ministers, the personal causes of war counted for much. In more recent
times it has been said, truly or falsely, that the Crimean War was due
to the wounded feelings of a diplomatist. Under modern conditions,
however, the checks on individual initiative are so many that personal
causes must play an ever-diminishing part in war.

The same can scarcely be said as regards Dr. Woods' remaining cause of
war. If by racialism we are to understand nationalism, this has of late
been a serious and ever-growing provocative of war. Internationalism of
feeling is much less marked now than it was four centuries ago.
Nationalities have developed a new self-consciousness, a new impulse to
regain their old territories or to acquire new territories. Not only
Pan-Germanism, Pan-Slavism, and British Imperialism, like all other
imperialisms, but even the national ambitions of some smaller Powers
have acquired a new and dangerous energy. They are not the less
dangerous when, as is indeed most frequently the case, they merely
represent the ambition, not of the people as a whole, but merely of a
military or bureaucratic clique, of a small chauvinistic group, yet
noisy and energetic enough to win over unscrupulous politicians. A
German soldier, a young journalist of ability, recently wrote home from
the trenches: "I have often dreamed of a new Europe in which all the
nations would be fraternally united and live together as one people; it
was an end which democratic feeling seemed to be slowly preparing. Now
this terrible war has been unchained, fomented by a few men who are
sending their subjects, their slaves rather, to the battlefield, to
slay each other like wild beasts. I should like to go towards these men
they call our enemies and say, 'Brothers, let us fight together. The
enemy is behind us.' Yes, since I have been wearing this uniform I feel
no hatred for those who are in front, but my hatred has grown for those
in power who are behind." That is a sentiment which must grow mightily
with the growth of democracy, and as it grows the danger of nationalism
as a cause of war must necessarily decrease.

There is, however, one group of causes of war, of the first importance,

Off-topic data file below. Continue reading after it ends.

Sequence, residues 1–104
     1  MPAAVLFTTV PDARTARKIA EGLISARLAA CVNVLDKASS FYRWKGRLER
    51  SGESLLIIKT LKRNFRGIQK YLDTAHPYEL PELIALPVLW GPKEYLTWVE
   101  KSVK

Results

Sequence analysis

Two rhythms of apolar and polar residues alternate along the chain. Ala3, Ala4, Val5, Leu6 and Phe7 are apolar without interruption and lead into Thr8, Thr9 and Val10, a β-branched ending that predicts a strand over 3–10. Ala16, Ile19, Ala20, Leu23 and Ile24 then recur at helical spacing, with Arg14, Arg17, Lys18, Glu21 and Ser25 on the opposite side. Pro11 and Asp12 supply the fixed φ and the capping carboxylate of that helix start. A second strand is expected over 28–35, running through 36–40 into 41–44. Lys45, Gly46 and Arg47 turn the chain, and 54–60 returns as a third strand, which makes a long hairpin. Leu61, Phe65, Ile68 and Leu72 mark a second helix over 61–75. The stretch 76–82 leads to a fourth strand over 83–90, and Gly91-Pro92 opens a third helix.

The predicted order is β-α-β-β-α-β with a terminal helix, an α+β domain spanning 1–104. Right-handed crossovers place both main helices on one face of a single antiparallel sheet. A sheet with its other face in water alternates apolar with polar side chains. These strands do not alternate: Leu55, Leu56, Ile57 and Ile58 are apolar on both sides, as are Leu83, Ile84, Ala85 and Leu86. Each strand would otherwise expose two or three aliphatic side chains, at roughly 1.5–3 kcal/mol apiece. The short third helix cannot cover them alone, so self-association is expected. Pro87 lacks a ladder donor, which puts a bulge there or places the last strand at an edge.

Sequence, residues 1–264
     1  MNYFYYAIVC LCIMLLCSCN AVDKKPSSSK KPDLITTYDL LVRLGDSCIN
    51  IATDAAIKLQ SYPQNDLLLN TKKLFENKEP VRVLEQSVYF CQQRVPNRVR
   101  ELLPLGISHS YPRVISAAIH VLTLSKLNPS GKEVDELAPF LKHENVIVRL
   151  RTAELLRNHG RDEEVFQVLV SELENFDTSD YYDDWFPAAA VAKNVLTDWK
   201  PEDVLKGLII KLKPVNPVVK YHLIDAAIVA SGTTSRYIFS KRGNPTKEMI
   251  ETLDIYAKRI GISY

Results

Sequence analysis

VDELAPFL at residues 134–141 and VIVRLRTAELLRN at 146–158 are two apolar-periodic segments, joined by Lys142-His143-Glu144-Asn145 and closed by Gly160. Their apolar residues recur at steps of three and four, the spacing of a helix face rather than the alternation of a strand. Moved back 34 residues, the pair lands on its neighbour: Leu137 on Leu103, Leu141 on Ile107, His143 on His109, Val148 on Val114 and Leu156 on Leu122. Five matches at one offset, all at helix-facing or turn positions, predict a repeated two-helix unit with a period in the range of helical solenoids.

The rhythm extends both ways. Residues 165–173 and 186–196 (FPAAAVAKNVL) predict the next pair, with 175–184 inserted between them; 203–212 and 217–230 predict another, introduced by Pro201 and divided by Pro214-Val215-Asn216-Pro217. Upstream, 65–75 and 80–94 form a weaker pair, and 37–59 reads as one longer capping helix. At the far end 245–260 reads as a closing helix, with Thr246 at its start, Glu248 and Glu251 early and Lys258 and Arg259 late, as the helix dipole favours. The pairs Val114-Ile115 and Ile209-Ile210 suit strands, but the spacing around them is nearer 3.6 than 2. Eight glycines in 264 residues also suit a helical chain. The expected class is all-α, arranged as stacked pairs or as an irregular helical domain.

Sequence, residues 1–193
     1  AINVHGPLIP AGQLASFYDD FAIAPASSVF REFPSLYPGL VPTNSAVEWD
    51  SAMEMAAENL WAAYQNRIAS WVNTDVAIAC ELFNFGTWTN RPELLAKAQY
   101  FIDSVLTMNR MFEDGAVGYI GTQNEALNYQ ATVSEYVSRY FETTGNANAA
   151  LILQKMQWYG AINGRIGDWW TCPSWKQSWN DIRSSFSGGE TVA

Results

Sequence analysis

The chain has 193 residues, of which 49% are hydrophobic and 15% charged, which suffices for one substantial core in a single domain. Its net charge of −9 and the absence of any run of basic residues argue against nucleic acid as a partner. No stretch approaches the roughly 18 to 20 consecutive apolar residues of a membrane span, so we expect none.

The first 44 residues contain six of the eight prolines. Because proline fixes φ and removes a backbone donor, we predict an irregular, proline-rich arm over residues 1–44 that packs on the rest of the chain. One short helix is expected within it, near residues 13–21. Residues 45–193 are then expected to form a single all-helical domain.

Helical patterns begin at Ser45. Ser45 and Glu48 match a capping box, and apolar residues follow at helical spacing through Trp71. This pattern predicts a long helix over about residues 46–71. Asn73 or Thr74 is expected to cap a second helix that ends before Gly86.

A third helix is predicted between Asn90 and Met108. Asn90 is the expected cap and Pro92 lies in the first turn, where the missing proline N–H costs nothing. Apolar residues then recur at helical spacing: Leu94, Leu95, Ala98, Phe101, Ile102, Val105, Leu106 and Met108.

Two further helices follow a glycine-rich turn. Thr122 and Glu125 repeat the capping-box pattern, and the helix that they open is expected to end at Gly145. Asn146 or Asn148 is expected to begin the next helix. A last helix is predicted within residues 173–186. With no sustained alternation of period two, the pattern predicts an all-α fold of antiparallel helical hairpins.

which Dr. Woods has surprisingly omitted, and that is the group of
political causes. It is by overlooking the political aspects of war
that Dr. Woods' discussion is most defective. Supposed political
necessity has been in modern times perhaps the very chief cause of war.
That is to say that wars are largely waged for what has been supposed
to be the protection, or the furtherance, of the civilised organisation
which orders the temporal benefits of a nation. This is admirably
illustrated by all three of the great European wars in which England
has taken part during the past four centuries: the war against Spain,
the war against France, and the present war against Germany. The
fundamental motive of England's participation in all these wars has
been what was conceived to be the need of England's safety, it was
essentially political. A small island Power, dependent on its fleet,
and yet very closely adjoining the continental mainland, is vitally
concerned in the naval developments of possibly hostile Powers and in
the military movements which affect the opposite coast. Spain, France,
and Germany all successively threatened England by a formidable fleet,
and they all sought to gain possession of the coast opposite England.
To England, therefore, it seemed a measure of political self-defence to
strike a blow as each fresh menace arose. In every case Belgium has
been the battlefield on land. The neutrality of Belgium is felt to be
politically vital to England. Therefore, the invasion of Belgium by a
Great Power is to England an immediate signal of war. It is not only
England's wars that have been mainly political; the same is true of
Germany's wars ever since Prussia has had the leadership of Germany.
The political condition of a country without natural frontiers and
surrounded by powerful neighbours is a perpetual source of wars which,
in Germany's case, have been, by deliberate policy, offensively

When we realise the fundamental importance of the political causation
of warfare, the whole problem of the ultimate fate of war becomes at
once more hopeful. The orderly growth and stability of nations has in
the past seemed to demand war. But war is not the only method of
securing these ends, and to most people nowadays it scarcely seems the
best method. England and France have fought against each other for many
centuries. They are now convinced that they really have nothing to
fight about, and that the growth and stability of each country are
better ensured by friendship than by enmity. There cannot be a doubt of
it. But where is the limit to the extension of that same principle?
France and Germany, England and Germany, have just as much to lose by
enmity, just as much to gain by friendship, and alike on both sides.

The history of Europe and the charts of Mr. Baltzly clearly show that
this consideration has really been influential. We find that there is a
progressive tendency for the nations of Europe to abandon warfare.
Sweden, Denmark, and Holland, all vigorous and warlike peoples, have
long ceased to fight. They have found their advantage in the
abandonment of war, but that abandonment has been greatly stimulated by
awe of their mightier neighbours. And therein, again, we have a clue to
the probable course of the future.

For when we realise that the fundamental political need of